Today, at Culture, Media and Sport questions in the House of Commons, I challenged Ed Vaizey, Parliamentary Under-Secretary of State for Culture, Media and Sport about the rights of each and every child to have experience of, and opportunities in, culture and the arts at school:
Ms Harriet Harman (Camberwell and Peckham) (Lab): It is the right of each and every child to have the experience of, and opportunities in, culture and the arts, and it is important for our economy too. So it is of great concern that at GCSE, fewer children are sitting art and design. Music is down 9% and drama is down 13%, and we see the same happening in A-levels. How can we nurture the next generation of talent and how can young people fulfil their potential as human beings and engaged citizens, never mind their creative potential in the arts, if they do not have the chance in school? Does the Secretary of State’s assertion that the Government are making great strides to ensure that the arts are a central part of every child’s education not sound increasingly out of touch?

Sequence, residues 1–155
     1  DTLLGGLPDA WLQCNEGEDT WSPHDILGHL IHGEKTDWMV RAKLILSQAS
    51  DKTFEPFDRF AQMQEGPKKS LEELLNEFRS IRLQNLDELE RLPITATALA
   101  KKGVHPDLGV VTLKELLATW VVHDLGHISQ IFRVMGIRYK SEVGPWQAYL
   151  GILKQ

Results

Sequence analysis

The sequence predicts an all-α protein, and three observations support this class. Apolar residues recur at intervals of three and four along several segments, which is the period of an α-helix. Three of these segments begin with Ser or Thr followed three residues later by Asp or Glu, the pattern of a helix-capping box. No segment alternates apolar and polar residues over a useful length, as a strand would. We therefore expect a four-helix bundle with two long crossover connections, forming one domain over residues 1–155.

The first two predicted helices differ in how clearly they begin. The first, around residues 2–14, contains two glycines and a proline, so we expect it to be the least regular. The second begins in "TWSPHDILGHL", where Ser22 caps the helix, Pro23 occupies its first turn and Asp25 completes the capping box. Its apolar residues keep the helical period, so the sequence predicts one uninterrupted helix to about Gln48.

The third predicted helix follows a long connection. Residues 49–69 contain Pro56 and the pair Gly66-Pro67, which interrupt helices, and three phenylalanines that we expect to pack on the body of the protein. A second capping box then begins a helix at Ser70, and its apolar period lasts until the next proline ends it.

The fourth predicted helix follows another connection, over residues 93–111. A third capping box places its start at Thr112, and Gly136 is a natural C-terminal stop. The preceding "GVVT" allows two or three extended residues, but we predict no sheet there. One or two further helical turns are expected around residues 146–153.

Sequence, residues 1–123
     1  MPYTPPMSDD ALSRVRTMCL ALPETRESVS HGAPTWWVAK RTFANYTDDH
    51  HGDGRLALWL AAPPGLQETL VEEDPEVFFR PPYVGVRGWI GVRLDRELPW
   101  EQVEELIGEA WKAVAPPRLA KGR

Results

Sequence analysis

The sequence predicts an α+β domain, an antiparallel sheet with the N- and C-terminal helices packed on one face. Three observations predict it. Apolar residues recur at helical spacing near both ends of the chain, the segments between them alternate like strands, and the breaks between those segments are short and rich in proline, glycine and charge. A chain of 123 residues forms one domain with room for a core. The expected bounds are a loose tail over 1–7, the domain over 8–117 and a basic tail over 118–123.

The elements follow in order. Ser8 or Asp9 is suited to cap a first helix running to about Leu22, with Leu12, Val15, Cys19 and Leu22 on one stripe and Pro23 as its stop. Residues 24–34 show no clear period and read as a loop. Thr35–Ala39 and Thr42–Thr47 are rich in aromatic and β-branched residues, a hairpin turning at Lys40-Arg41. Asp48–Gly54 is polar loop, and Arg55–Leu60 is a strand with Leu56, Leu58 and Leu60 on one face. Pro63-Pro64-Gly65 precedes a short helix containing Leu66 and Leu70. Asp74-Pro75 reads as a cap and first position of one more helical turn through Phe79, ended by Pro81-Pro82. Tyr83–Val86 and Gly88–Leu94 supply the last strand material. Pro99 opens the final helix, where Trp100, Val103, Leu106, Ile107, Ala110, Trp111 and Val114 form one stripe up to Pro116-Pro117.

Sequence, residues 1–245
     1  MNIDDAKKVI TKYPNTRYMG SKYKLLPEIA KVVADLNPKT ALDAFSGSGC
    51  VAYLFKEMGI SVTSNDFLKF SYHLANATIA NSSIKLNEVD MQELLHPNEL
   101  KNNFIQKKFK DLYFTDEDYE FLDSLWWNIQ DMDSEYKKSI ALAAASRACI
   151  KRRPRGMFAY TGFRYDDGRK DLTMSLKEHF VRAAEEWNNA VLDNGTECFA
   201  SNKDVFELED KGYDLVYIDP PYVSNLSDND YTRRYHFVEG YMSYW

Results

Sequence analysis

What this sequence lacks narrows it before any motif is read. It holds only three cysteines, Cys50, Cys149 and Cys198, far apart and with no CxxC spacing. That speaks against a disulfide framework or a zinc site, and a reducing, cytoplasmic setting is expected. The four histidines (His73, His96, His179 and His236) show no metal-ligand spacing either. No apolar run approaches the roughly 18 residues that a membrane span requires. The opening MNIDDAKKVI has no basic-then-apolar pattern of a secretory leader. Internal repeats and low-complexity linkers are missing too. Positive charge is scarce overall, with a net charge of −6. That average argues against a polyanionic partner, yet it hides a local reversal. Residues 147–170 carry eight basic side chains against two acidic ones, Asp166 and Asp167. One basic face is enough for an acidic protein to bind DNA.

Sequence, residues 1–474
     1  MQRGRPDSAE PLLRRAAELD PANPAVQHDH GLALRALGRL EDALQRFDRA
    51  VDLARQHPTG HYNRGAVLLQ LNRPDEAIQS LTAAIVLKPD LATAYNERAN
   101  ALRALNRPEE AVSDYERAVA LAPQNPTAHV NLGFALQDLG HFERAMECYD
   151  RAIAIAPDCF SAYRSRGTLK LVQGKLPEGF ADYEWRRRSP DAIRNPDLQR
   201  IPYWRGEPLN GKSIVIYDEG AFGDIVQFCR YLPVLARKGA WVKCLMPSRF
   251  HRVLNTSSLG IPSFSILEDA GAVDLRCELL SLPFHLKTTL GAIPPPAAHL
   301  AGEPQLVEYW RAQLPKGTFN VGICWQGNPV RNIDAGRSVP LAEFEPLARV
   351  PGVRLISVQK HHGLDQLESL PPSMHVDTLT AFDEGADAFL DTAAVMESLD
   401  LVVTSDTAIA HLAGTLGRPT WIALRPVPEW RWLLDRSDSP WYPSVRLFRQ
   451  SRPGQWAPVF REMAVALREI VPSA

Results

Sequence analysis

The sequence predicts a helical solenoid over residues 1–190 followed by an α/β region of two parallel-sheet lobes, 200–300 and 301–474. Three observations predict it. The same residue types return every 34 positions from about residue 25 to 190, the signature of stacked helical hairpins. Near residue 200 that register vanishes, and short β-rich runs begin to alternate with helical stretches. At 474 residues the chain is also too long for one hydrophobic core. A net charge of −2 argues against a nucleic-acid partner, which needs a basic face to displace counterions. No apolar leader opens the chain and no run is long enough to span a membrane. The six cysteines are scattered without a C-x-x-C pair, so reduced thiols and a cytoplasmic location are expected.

Mr Vaizey: I met the Minister for Schools only this week to discuss the success of our cultural and music education plans. We are the first Government to introduce a national music education plan. We set aside hundreds of millions of pounds to create music hubs, to extend the In Harmony scheme and to support the teaching of music in schools. The Secretary of State for Education has, through his own personal initiative, supported initiatives such as Shakespeare in schools and heritage schools, and the Arts Council has its bridge organisations. There is a lot going on in cultural education and in music education, and I urge the right hon. and learned Lady to have a look.